There is a place for competent performers, even if they are performing the same stuff as others. When I worked on how I perform for ordinary spectators and stopped worrying about learning every trick in the world or inventing my own, things changed. I began to settle on a handful of effects that work and I saw my overall personal enjoyment increase as well as my own skill. But that is leaving a mark, I suppose. There are now real people who know who I am. I have seen several kids and one teenager come by and watch me every time I have been downtown. So who knows with time how good I will get. No one else in Little Rock does this busking thing, so who knows what kind of a mark I might leave after all.

Sometimes you don't hit the target until you stop trying to hit it.

So although I do others routines, I play to my strengths, which is the natural banter I do with the crowd. I still have enormous room for improvement. I have stopped trying to use others' jokes, because they fall flat. When I just talk, in the context of my script, I become much more entertaining. I am not afraid to modify here and there, but I try to have a reason, and I try them out on the crowds. Right now I trying to add something from the Don Alan chop cup routine to one phase of the Cups. I do not know if it messes up the pace, or is a great addition. I don't know, because I have to get out there next Saturday and see with real people.
Message: Posted by: Mario Morris (May 3, 2005 11:45AM)
That sounds great, nothing bad with a Gazzo routine that is what I do with slite twist hear and there. As far as leavining my mark that is yet to happen and it wont be on my level of skill but rather comedy magic which takes a diffrent kind of skill.
Mario
Message: Posted by: Arkadia (May 3, 2005 12:48PM)
When got into magic for real, (i.e not adding some easy magic tricks into my juggling show.) I, like everybody else, copied the trick, the lines and the style. If I did "Conscience overload" (Kenton Knepper) I tried to be Knepper as much as I could. The same happened to me when I did a mental show some years ago - I tried to become Max Maven. Then I left those tricks behind and developed by going out on the streets. That - according to me - is the best thing I have ever done. By bringing magic and juggling to the street I was forced to develop a real character and to create routines around him. When I later picked up my old tricks I performed them just as I remembered them - but when I watched the DVDs I found out that I did not use the same slights, the same lines and did the trick in a very different way. I didn't even know this change came about. I believe the change happened because of the finding of my character. And as I said - I thank the streets for that! I believe that because people can leave whenever they want - it forces you to be fast, funny, interesting and witty. On a regular corp. show the audience pretty much has to sit around during your act. Then you have to wait around until your next booking - and that can take forever. The street is always open. (Okay, not during the winter unless you're really enthusiastic) That way you can do hundreds of shows and develop much quicker.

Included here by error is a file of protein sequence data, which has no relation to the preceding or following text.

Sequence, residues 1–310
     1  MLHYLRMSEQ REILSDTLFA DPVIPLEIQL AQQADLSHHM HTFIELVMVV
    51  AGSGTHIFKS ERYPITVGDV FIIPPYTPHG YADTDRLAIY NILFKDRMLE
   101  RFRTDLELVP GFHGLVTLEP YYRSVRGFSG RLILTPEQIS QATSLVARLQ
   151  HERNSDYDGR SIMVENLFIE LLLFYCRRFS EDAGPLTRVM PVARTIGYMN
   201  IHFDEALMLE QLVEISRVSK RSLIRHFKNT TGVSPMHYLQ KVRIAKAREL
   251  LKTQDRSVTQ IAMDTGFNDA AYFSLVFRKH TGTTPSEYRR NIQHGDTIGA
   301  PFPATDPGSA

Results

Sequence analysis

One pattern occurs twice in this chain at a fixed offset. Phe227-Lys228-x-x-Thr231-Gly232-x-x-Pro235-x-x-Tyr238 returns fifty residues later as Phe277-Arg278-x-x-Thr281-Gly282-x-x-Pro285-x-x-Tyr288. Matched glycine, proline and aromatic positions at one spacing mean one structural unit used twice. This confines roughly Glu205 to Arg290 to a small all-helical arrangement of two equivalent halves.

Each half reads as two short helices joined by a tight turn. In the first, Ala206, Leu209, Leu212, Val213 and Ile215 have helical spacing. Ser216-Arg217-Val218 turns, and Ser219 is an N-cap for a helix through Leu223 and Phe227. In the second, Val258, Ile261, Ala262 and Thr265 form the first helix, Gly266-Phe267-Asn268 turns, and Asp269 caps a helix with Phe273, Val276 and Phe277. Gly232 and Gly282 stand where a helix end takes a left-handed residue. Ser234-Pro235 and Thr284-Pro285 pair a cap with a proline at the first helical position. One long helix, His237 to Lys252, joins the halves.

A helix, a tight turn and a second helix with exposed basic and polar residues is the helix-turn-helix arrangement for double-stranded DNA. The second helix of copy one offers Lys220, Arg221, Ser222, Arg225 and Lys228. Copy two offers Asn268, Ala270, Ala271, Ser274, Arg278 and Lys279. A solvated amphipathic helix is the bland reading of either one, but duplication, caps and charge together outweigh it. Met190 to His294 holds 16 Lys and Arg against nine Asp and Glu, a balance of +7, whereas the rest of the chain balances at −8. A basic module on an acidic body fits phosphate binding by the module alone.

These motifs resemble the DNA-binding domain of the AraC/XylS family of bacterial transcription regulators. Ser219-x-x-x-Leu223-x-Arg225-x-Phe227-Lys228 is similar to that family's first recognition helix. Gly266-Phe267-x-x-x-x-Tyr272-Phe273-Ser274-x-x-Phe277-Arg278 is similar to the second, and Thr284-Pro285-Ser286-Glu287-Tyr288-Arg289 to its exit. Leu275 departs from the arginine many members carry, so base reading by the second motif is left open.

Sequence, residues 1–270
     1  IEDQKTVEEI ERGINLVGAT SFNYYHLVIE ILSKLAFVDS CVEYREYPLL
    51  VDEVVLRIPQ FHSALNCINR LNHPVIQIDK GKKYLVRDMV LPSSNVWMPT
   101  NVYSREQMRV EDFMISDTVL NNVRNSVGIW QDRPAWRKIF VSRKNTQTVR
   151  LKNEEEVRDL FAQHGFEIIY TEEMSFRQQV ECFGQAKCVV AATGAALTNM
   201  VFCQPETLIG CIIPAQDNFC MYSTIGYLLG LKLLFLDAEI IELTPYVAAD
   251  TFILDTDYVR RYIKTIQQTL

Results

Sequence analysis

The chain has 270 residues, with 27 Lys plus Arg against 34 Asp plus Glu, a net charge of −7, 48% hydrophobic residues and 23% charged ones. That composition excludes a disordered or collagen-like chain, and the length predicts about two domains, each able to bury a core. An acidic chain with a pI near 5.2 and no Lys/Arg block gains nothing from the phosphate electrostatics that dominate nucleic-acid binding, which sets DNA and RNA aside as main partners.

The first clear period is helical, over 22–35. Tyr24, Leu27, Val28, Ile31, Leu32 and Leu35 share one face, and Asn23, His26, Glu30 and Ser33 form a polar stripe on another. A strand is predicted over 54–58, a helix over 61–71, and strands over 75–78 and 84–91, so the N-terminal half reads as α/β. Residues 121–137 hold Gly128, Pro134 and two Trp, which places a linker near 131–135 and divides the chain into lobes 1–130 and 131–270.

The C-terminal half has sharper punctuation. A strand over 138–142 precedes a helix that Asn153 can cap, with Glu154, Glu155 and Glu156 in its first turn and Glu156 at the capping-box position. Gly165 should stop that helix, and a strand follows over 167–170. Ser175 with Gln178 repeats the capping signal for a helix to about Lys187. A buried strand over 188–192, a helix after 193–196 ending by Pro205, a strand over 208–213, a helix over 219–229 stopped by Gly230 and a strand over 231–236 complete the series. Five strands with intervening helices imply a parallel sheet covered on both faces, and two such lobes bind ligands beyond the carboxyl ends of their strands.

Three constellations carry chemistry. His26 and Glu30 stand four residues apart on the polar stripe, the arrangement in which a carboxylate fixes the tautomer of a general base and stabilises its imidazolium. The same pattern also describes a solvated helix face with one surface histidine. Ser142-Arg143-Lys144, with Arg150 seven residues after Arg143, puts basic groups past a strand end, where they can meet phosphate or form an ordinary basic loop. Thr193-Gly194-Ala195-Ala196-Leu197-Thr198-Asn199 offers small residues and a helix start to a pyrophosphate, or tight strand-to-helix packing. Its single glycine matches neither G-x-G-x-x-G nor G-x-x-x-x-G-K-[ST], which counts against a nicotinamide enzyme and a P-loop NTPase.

And I couldn't agree more with Mario Morris - props have to fit your character. Cups and balls fit me like a clove so I don't have to change anything. But the Miser's Dream, a routine which is just great and beautiful, didn't fit bit was great and beautiful!). Until I changed the champagne bucket into a rusty, beat up bucket. Then the Miser's Dream worked.